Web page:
Love Poem in the Black Field

by Ariana Benson

Photo by Floyd Benson

Writing Workshop

Workshop Title: Hope

Step 1

Ask your students, “Have there been times when you’ve essentially forced yourself to find hope? Or to remain optimistic? When was it? And how did you manage to not fall prey to the circumstances?” Briefly discuss.

Step 2

Read “Love Poem in the Black Field” by Ariana Benson. When you’re done, briefly discuss the perspective of the speaker throughout the piece. How do they see life despite their circumstances?

Step 3

Say, “Focus on a moment or time when things felt the most bleak. Then take some time to think of all the ways you were able to (or are able to presently) find hope when the circumstances felt dire. Jot down as many things as you can.” Then give them a few minutes to brainstorm.

Step 4

Ask your students to compose a poem similar in sentiment to “Love Poem in the Black Field” in which they express their feelings of hope despite challenging circumstances.

Step 5

When the students are done, have them share their responses with one another.

The full presentation may be found HERE.

Analytical Lesson

Area of Focus: Various

Step 1

This lesson allows students to analyze various concepts and skills, so it is recommended that you have covered several of the “standalone” lessons before assigning this one.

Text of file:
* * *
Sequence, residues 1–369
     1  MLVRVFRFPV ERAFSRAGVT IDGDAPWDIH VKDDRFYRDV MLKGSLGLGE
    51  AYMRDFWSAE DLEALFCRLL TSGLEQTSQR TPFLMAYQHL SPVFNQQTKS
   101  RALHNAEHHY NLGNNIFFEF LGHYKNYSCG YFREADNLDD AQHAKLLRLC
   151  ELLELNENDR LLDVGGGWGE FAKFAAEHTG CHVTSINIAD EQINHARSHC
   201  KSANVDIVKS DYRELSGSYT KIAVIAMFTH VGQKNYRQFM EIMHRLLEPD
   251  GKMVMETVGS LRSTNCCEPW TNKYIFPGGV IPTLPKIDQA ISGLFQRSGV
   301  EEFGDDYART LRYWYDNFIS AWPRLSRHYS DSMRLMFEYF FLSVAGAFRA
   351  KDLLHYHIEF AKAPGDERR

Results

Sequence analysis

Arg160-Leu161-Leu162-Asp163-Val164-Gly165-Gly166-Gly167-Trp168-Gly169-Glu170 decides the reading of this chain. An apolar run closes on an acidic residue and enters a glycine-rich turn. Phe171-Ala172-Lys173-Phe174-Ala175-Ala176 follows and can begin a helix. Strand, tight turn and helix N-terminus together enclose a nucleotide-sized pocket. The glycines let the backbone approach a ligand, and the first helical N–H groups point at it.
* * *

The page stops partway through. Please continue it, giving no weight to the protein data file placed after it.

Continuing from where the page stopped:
Step 2

Start by showing your students the following video about one of the themes from The Shawshank Redemption. Then talk about the “hope” depicted in it. What does Andy do to maintain his humanity? And why does he do it?

Step 3

Now ask your students to open the following document. Read the introduction about Parchman Prison with them.

Step 4

Read the poem with them (hyperlinked in the document). As you are reading, ask your students to pay particular attention to the glimmers of hope the speaker finds, even in the bleakest of moments. When you are done reading, briefly discuss the piece.

Step 5

Go over the rest of the directions with them. In this assignment, your students are going to analyze the ways the speaker finds hope, even in the bleakest of circumstances. When you’ve gone over the directions, give your students time to work.

Step 6

When your students are done, ask them to share their responses. Have them share the “objectively terrible” side of their evidence, then ask how the speaker is able to find hope in that moment.

Lesson Details

Lesson Info


  • Various


  • Appreciation
  • Body / Body Image
  • Class
  • Community / Culture
  • Criminal Justice
  • Friendship
  • Health / Health Care / Illness
  • History
  • Joy
  • Labor / Work
  • Love
  • Race / Ethnicity / Racism
  • Violence

Literary Tags

  • Diction
  • Figurative Language
  • Imagery
  • Selection of Detail
  • Structure
  • Structure (Syntax)
  • Tone

Content Warning

  • Racism or Racial Slurs